Delving Into the Next Steps With Telemedicine

Furthermore, the National Cancer Institute Telehealth Research Centers of Excellence (TRACE) is funding multiple centers focused on improving lives. Ways the centers are taking action include developing evidence-based telehealth approaches across cancer care, and evaluating the changing policy and payment environment as well as its impact on delivery of telehealth for cancer care, among others. The University of Pennsylvania TRACE is 1 of 4 TRACE centers, and it uses lung cancer care as a model for telehealth across the care continuum.6

As telemedicine and subcutaneous delivery of agents continues to expand, the at-home study conducted by USC remains open to enrollment for patients with NSCLC. Patients will receive atezolizumab and rHuPH20 subcutaneously for 3 to 8 minutes on day 1 with cycles repeating every 3 weeks for 1 year for those with early-stage disease or up to 2 years for those with late-stage disease until disease progression or unacceptable toxicity.7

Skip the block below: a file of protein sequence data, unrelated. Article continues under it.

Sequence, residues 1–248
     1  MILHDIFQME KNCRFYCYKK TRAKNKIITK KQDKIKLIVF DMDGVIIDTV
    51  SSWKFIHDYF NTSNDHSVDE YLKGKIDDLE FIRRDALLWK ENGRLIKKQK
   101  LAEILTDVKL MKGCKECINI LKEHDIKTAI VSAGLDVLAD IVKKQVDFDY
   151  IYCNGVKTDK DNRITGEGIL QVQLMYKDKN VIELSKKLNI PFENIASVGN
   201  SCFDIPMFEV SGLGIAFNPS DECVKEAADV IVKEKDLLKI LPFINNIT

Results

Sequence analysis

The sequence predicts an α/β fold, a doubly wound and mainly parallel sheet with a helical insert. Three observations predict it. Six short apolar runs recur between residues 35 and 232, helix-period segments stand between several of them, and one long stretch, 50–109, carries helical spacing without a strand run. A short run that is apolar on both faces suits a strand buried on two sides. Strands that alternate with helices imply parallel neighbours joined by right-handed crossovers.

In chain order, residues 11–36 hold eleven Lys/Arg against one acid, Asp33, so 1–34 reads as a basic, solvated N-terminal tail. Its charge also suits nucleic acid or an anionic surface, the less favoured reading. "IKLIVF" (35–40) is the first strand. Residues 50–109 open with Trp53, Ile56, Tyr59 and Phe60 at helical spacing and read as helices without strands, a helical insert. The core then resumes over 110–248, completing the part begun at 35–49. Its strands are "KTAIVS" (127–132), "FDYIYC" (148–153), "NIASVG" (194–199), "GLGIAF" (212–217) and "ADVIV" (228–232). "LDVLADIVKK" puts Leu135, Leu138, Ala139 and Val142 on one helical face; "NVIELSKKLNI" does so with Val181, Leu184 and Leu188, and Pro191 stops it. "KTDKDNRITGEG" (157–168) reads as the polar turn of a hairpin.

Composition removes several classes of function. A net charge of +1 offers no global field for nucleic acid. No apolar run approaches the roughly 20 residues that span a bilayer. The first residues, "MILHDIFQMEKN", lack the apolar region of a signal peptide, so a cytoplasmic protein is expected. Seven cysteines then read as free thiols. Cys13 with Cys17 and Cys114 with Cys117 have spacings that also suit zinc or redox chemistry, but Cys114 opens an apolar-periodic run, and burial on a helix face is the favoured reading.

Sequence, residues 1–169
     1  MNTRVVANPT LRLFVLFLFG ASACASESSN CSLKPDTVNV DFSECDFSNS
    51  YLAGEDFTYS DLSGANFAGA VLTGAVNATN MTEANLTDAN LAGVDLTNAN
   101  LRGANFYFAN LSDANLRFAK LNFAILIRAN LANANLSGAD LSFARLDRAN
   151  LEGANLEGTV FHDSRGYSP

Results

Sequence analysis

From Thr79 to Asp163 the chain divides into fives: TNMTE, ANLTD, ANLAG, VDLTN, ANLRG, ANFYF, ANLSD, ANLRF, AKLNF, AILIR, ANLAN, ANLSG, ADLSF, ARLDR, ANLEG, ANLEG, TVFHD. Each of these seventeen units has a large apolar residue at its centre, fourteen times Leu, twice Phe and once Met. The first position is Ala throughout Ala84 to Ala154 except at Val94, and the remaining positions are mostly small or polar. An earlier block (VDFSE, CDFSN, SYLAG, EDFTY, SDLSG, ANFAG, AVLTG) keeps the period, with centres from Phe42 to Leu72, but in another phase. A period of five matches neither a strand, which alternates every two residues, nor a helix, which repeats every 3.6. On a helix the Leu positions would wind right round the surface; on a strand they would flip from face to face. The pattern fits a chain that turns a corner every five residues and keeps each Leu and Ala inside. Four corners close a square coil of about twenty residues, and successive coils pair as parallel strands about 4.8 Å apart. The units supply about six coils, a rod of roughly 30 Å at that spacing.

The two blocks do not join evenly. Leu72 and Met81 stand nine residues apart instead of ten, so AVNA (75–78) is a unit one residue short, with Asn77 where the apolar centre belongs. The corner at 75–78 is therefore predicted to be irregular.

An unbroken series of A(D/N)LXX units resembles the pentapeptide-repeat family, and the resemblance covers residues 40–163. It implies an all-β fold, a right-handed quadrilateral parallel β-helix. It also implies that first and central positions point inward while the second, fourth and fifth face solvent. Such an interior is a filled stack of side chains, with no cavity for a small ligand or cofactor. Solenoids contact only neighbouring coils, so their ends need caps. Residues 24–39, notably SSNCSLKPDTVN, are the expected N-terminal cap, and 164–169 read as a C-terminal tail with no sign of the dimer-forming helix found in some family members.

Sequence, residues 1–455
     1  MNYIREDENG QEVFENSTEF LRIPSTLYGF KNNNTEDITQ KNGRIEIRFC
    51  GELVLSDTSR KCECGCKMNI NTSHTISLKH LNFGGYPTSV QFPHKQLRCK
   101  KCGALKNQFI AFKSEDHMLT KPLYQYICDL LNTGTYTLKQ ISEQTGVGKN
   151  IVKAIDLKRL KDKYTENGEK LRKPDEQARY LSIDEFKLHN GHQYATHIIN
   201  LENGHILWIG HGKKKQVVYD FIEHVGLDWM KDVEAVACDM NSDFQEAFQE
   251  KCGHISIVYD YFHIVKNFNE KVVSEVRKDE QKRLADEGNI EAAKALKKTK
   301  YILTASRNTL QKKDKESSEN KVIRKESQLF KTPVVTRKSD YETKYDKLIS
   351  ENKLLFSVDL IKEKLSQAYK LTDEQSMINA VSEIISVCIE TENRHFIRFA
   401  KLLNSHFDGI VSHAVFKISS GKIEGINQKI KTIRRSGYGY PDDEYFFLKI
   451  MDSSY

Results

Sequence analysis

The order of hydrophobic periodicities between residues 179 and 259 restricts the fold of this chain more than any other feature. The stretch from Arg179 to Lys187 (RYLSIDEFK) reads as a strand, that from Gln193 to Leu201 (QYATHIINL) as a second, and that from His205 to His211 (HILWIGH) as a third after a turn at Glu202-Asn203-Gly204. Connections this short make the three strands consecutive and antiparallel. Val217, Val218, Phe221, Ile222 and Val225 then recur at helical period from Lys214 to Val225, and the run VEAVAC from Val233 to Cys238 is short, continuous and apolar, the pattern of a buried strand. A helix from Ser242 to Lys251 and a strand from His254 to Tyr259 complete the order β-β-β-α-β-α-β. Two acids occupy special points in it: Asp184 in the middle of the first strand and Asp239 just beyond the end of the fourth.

“Patients who have high copays or who have difficulty with health maintenance organization coverage of these checkpoint inhibitors for lung cancer [treatment] are welcome to contact us, and we’d be happy to determine if they are eligible for clinical trial participation,” Nieva said.


  1. Study explores the future of at-home cancer treatment. News release. Keck Medicine of USC. March 28, 2024. Accessed
    May 8, 2024.
  2. Tecentriq. Prescribing information. Genentech Inc; 2024.
    Accessed May 8, 2024.
  3. US Food and Drug Administration accepts Bristol Myers Squibb’s application for subcutaneous nivolumab (nivolumab and
    hyaluronidase). News release. Bristol Myers Squibb. May 6, 2024. Accessed May 8, 2024.
  4. Harvey MJ, Zhong Y, Morris E, Beverage JN, Epstein RS, Chawla AJ. Assessing the transition from intravenous to subcutaneous delivery of rituximab: benefits for payers, health care professionals, and patients with lymphoma. PLoS One. 2022;17(1):e0261336. doi:10.1371/journal.pone.0261336
  5. Tang M, Abdelaal M, Lau J, et al. Subcutaneous vs intravenous administration of medications and fluids for patients with cancer in the US and Canada. JAMA Oncol. 2023;9(5):717-719. doi:10.1001/jamaoncol.2023.0239
  6. TRACE overview. NCI Telehealth Research Centers of Excellence (TRACE). Accessed May 8, 2024.
  7. Subcutaneous atezolizumab for the treatment of non-small cell lung cancer. Updated February 13, 2024. Accessed May 8, 2024.